One of the continuing themes of the book is interest in, commitment to, and wonder at two Latin words, pro nobis (beginning on page 7), which mean “for us”:
It’s the Nicene Creed that states explicitly that all Christ did and said, including his death and rising, was done “pro nobis”–“for us and for our salvation.” “Who for us men and our salvation came down from heaven,” is how the Nicene Creed characterizes Christ, the Incarnation. To be near us, Christ had to come down to us. There is distance between us and God. We are not with God in heaven, much less are we gods who dwell in the vicinity of deity. Even though we were created by God, in the imae of God, God must risk opposition, overcome something, go somewhere in order to come near to us sinners, in order to replenish, restore, and resurrect God’s intended image in us. In salvation, God comes, becomes Immanuel, and fully embraces what the human can be. “God with us” is yet another way of thinking about salvation. (pp. 7-8)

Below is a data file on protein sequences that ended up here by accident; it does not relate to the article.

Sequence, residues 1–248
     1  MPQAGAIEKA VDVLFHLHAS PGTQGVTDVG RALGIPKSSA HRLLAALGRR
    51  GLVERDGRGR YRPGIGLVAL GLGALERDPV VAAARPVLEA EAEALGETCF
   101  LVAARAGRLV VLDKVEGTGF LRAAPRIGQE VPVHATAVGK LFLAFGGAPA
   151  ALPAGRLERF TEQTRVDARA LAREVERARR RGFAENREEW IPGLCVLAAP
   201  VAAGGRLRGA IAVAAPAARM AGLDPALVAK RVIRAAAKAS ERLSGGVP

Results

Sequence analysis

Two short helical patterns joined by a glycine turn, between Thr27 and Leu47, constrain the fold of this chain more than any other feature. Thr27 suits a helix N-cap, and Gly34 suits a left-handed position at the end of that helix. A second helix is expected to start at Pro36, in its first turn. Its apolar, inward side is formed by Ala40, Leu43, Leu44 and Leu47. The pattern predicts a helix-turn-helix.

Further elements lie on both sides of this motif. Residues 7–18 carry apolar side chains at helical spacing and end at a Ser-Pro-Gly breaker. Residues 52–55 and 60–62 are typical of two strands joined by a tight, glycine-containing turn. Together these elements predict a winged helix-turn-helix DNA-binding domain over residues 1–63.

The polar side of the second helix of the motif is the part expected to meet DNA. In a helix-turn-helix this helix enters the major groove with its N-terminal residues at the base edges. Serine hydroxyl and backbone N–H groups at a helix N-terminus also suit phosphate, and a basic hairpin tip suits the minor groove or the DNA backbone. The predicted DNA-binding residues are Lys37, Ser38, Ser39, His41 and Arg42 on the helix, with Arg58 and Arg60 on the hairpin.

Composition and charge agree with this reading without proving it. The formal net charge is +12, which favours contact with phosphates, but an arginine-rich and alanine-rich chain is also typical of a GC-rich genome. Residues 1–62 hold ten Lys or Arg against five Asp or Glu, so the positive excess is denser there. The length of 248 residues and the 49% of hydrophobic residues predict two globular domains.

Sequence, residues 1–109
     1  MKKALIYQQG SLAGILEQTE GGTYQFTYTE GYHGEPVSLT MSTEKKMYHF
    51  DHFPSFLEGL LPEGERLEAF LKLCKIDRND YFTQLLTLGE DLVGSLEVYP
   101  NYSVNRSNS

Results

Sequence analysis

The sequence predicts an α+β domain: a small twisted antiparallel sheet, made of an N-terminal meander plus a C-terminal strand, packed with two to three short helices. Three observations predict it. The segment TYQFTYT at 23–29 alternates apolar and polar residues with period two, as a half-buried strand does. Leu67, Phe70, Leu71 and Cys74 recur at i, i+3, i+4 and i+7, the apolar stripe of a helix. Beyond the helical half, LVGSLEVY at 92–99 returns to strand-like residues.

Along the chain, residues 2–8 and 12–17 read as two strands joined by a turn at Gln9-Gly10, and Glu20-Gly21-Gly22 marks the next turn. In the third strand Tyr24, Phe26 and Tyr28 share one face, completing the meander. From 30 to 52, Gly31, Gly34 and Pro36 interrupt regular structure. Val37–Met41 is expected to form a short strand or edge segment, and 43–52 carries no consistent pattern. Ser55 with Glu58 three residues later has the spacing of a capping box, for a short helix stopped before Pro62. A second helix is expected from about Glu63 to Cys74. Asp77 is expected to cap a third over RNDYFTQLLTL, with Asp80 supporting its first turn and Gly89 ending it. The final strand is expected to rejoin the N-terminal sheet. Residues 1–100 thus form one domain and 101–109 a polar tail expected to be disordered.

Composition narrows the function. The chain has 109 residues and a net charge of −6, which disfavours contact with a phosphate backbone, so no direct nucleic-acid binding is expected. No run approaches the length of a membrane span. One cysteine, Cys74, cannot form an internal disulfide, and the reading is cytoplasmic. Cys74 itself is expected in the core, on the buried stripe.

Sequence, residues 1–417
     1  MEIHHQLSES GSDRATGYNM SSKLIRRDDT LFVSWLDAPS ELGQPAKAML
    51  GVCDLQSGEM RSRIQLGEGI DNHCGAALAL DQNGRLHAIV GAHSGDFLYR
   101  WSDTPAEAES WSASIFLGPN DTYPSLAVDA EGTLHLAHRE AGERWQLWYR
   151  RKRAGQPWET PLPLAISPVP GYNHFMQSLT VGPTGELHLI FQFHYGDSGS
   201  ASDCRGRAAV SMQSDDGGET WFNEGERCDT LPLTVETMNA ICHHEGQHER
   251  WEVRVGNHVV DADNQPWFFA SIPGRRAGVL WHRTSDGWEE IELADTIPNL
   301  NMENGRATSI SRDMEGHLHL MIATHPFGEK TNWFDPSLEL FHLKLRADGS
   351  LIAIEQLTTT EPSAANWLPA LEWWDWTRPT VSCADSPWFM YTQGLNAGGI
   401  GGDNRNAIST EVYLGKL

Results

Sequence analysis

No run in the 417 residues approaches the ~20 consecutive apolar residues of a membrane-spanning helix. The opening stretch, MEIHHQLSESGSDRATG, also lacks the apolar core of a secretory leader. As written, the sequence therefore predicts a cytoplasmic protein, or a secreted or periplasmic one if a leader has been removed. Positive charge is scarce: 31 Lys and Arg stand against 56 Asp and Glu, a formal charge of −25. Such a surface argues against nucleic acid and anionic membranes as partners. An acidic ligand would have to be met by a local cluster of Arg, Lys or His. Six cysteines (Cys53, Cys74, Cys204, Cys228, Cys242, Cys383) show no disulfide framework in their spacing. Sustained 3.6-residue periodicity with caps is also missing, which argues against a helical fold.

Pro nobis; for us. The better I get to know myself and my fellow humans, for as wonderful as we can be, our corruption makes God’s pro nobis in Jesus remarkable grace.